El Somni in Barcelona
- May 1, 2013
I have to say, this column allows me to document experiences and process them more deeply, saving many from fading with time. One such recent experience was in Barcelona, where I attended a project called El Somni (The Dream). In less abstract terms, it was about having a 12-course meal prepared by the three Roca brothers, of El Celler de Can Roca, recently named the best restaurant in the world. But to reduce El Somni to just a meal would be a great injustice to what was to be ‘an opera in 12 courses, a banquet in 12 acts’. All this, for just 12 individuals!
I was relieved to know that I wasn’t the only one wondering what I had done to deserve this treat. Others, too, from different parts of the world and different walks of life, like the physicist, anthropologist, AIDS expert, robot engineer, philosopher… were all equally amused! Though the famous Spanish artist Miquel Barcelo, whom I had the pleasure to sit with during dinner, and Ferran Adria, named the best chef in the world, were probably not as surprised as some of us.
Growing up as the daughter of an artist who is also an amazing cook, I have always taken the culinary arts quite seriously. But this convergence of music, poetry, gastronomy, painting, film and opera was truly unique and way beyond my notions of art. Course after course, our senses were stimulated… all five simultaneously. There were video panels all around us, on the ceiling, forming patterns on our table, with images such as fish swimming and flowers blooming. Each of the serving dishes was a piece of art, hand-crafted by an eminent artist. The music was by the likes of Zubin Mehta.
I could go on and on about each of the elements. But once it had sunk in, I thought this project was rather elitist and ostentatious. However, I was relieved to find out that the Roca brothers, Mediapro, a television company, and Franc Aleu, a multi-disciplinary visual artist, had all privately funded it. As long as the public money is not at stake for such indulgences, I am all for experimentation in the arts. After all, new things emerge because of the few individuals who dare to dream differently.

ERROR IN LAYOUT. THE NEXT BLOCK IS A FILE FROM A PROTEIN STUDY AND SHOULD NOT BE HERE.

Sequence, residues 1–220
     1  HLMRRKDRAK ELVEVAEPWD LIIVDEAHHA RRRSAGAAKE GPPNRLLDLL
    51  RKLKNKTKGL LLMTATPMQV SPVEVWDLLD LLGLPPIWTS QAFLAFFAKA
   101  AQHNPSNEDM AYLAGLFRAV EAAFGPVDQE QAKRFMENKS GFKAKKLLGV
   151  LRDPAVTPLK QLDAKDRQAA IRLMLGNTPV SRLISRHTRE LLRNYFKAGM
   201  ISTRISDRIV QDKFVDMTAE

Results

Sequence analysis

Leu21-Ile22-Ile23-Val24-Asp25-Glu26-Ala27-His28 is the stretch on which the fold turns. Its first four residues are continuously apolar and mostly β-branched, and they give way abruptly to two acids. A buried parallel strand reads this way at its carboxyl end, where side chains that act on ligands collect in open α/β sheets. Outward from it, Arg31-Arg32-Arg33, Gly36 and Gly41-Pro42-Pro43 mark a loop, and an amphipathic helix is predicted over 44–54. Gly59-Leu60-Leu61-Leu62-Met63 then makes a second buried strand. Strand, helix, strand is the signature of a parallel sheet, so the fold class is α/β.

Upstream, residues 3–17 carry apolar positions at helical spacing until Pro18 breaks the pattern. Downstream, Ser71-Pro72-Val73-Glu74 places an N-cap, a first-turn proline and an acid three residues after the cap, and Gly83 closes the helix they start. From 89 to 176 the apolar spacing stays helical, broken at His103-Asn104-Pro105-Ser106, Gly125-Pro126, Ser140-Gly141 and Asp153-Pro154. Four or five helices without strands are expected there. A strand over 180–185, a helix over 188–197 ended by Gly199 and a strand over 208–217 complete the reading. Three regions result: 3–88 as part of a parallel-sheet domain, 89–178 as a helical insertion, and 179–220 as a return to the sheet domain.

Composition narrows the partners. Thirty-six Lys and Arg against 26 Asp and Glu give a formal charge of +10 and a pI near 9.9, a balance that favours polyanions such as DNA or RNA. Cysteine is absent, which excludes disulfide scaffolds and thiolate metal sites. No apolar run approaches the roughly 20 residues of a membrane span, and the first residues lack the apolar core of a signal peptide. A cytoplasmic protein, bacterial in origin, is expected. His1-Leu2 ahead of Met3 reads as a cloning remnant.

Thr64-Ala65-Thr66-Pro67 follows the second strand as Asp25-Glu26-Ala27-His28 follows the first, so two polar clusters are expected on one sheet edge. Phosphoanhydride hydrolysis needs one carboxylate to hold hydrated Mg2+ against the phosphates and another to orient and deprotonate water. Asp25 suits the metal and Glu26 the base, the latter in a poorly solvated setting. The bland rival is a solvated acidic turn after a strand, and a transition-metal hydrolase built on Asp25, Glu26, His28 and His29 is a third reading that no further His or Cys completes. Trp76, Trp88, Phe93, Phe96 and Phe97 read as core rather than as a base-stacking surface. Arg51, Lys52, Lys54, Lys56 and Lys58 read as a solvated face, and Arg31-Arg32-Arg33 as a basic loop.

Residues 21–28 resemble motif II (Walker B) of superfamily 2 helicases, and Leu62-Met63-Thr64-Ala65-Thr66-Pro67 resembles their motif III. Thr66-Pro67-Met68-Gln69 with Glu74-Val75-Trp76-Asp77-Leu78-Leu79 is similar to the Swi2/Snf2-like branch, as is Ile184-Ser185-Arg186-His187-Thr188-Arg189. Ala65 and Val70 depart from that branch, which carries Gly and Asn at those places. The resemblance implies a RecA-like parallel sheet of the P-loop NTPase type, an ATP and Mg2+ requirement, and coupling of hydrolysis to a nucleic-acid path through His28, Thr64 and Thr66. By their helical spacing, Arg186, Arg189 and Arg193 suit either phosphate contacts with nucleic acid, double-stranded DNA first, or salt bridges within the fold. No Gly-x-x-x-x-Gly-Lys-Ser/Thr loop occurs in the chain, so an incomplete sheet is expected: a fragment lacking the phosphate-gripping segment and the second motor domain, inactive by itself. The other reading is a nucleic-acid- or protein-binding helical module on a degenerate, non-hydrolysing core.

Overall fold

A tradition of creativity must be in the air of Barcelona, a city where Gaudi, the maverick architect and dreamer, designed buildings that were way ahead of time. So, El Somni, too, was no superfluous dream. The project took more than a year of preparation and the talent and time of many people. Their work is to further manifest in a feature documentary, two exhibitions and a book.
But this was not the end of the experience. After Barcelona, we travelled to Girona. Franc Aleu, one of the conceivers of El Somni, who lived in a nearby village, offered to be our guide for the day. He took us to the Roca restaurant in Girona, but of course it was impossible for us to get a table at such short notice. It was fully booked for a year! But we were more than happy to walk across the street to Mama Roca’s casual, warm and small bistro. We met the proud and happy Roca parents, who were busy cooking. We didn’t speak each other’s language, but it was clear where the three Roca brothers got their simplicity and warmth. No wonder the Roca brothers, despite many propositions to open in New York, London, Tokyo and, of course, Barcelona, chose to remain in Girona, a small, beautiful town, where they grew up.
I have always felt that the more you get to know about something, the less you judge it. I will always remember the 12 courses and the 12 guests, but along with the people behind it. It was a clear message that the intent cannot be separated from the action. And now, I head off to Cannes, for another kind of El Somni!